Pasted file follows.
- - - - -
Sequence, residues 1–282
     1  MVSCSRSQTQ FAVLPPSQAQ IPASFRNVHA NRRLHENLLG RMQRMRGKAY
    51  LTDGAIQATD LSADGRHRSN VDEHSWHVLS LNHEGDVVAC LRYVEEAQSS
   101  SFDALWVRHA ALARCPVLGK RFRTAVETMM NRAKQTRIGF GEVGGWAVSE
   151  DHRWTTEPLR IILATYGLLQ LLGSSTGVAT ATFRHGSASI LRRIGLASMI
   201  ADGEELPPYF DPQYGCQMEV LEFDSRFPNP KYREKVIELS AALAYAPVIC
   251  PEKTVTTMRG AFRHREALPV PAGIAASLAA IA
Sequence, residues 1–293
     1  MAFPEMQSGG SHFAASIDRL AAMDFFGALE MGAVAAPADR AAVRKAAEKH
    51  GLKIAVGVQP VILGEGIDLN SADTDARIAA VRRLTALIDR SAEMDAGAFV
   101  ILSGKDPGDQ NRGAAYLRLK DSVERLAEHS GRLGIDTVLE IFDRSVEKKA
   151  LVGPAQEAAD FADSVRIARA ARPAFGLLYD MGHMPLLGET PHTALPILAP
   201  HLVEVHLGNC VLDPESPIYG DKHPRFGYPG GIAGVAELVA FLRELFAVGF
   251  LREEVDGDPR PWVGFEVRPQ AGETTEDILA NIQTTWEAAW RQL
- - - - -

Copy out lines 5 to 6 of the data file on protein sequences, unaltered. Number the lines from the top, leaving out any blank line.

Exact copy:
   151  DHRWTTEPLR IILATYGLLQ LLGSSTGVAT ATFRHGSASI LRRIGLASMI
   201  ADGEELPPYF DPQYGCQMEV LEFDSRFPNP KYREKVIELS AALAYAPVIC